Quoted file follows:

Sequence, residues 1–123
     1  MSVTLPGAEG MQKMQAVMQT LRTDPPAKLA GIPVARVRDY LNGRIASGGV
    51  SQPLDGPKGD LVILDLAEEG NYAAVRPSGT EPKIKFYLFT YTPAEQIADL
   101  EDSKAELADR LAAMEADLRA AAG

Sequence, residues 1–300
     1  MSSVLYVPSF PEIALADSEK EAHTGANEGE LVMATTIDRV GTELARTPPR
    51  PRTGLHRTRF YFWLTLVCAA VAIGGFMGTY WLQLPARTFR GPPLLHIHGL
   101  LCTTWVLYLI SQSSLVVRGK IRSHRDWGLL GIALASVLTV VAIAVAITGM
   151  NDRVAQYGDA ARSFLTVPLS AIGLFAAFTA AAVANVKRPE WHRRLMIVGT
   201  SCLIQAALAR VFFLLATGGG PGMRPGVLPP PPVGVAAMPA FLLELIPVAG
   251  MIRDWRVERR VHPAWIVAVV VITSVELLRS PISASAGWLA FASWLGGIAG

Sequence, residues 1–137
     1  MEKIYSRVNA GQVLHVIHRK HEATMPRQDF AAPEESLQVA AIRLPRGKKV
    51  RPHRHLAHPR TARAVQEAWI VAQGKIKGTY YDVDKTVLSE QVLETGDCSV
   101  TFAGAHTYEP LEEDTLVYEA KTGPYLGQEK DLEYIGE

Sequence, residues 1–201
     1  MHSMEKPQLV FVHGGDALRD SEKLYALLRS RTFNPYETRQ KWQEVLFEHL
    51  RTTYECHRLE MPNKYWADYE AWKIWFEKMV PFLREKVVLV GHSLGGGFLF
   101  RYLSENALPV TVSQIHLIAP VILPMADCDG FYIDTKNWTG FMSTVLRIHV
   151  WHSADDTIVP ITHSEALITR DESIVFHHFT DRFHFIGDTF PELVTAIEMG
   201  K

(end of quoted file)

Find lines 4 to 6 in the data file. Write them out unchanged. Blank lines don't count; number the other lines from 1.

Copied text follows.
   101  EDSKAELADR LAAMEADLRA AAG

Sequence, residues 1–300
     1  MSSVLYVPSF PEIALADSEK EAHTGANEGE LVMATTIDRV GTELARTPPR